Desserts & drinks

Desserts & drinks

By
Jeremy Pang
Contains
10 recipes
Published by
Quadrille Publishing
ISBN
978-1-84949-992-7
Photographer
Kris Kirkham

Dessert houses and bakeries

Travelling through Hong Kong you are likely to bypass the many dessert houses and bakeries that the city has to offer, often without even noticing them. I find it fascinating that such a huge city has so many establishments whose menus are 90 per cent sweet, yet still has such a notoriously bad reputation for desserts.

The Chinese are certainly not famous for their desserts, and I would happily agree that the French can take the reins when it comes to the fine art of pâtisserie. However, over the years and through both research and my own leanings towards my Chinese heritage, I’ve started to really understand where this lack of fame may come from. To a Chinese person, a dessert is not just something that we eat at the end of the meal. A dessert is something that can be eaten at any time of the day, much like savoury dishes in the Chinese tradition. Food is simply there for enjoyment and cannot (or should not) be held to such strict regulations and conformities as to what time of day it is to be eaten!

The thing about eating roadside in a busy city like Hong Kong is that with the constant heaving crowds of people, it often becomes difficult to see café fronts and signs, making it that much harder to distinguish your man-and-a-pan dai pai dongs and specialist restaurants from one another – they all look the same when you can see only one small corner of them!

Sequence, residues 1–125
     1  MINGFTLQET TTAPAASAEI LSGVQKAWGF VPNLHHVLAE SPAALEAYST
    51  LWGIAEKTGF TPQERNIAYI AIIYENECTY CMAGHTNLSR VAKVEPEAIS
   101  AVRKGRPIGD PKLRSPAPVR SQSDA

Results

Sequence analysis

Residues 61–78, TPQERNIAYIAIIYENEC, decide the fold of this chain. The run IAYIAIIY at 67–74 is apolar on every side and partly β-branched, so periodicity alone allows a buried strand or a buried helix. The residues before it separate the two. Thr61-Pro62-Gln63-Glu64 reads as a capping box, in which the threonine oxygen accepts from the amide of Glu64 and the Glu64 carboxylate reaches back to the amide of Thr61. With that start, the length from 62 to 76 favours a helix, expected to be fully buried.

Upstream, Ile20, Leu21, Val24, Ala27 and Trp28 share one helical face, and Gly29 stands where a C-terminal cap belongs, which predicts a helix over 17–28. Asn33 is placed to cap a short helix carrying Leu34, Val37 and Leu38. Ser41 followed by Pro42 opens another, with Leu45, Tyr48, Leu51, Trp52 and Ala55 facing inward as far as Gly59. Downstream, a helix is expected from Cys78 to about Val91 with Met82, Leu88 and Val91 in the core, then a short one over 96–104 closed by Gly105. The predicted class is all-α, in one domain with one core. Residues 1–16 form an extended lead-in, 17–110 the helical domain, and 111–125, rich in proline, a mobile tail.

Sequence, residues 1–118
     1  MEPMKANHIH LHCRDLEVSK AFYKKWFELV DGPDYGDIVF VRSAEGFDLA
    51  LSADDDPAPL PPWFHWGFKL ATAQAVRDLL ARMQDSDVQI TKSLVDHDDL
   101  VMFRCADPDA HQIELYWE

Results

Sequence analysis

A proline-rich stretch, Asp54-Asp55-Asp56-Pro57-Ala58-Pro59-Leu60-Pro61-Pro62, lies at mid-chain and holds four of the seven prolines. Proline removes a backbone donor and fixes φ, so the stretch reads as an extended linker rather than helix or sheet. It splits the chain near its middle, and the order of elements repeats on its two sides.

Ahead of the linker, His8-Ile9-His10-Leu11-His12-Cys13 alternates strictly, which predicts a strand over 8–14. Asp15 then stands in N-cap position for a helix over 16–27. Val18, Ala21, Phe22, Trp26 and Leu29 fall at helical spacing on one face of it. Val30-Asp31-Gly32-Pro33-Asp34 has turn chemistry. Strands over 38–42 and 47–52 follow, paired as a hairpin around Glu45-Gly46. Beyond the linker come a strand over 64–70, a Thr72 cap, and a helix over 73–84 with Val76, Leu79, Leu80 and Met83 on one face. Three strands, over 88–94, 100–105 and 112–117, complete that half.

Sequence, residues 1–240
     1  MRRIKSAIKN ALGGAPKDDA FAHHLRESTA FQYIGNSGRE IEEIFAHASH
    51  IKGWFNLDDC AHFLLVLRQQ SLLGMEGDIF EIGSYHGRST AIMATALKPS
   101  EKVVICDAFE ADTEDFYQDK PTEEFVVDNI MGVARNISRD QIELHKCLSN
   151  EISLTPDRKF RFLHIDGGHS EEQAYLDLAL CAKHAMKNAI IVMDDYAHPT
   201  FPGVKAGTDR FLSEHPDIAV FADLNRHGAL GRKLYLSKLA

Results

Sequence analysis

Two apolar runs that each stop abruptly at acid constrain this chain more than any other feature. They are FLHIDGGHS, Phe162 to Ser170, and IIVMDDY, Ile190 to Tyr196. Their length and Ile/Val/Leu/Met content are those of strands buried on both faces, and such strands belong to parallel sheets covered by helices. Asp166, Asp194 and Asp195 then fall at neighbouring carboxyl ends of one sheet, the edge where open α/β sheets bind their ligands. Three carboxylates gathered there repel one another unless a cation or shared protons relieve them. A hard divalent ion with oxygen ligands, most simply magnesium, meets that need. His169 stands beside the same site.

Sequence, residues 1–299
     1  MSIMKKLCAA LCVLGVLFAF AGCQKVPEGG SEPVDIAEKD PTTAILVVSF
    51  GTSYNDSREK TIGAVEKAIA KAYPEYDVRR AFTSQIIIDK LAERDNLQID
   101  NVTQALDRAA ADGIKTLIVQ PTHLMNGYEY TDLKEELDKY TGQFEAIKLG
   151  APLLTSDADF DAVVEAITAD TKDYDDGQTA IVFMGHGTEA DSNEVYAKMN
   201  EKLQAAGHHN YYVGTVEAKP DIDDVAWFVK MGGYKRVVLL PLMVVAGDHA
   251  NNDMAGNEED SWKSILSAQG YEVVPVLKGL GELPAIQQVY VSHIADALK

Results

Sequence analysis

In response to this needle-in-a-haystack situation, some of the biggest chains of dessert houses have created inviting, open-fronted, visibly and vibrantly colourful façades to their cafés, serving fresh mango and pomelo juice, squeezed en masse. And with the often hot and humid weather of Hong Kong, these sprawling ice-cold fruit juice, sago or tapioca and milk tea cafés are a welcome pit-stop.

A true Hong Kong eating tour wouldn’t be complete without a visit to one of the city’s bakeries, specializing in gloriously fluffy, sweet baked buns and cakes. This type of dessert is so popular and delicious, in fact, that my grandfather made his living as a baker, running one of the oldest standing bakeries in the London and Manchester Chinatowns. Perhaps I am biased because of this lineage, but one of my guiltiest pleasures and comforts, which I turn to when missing Hong Kong, is a steamed cake or crumbly ‘pineapple’ bun. There is just no substitute.

Recipes in this Chapter

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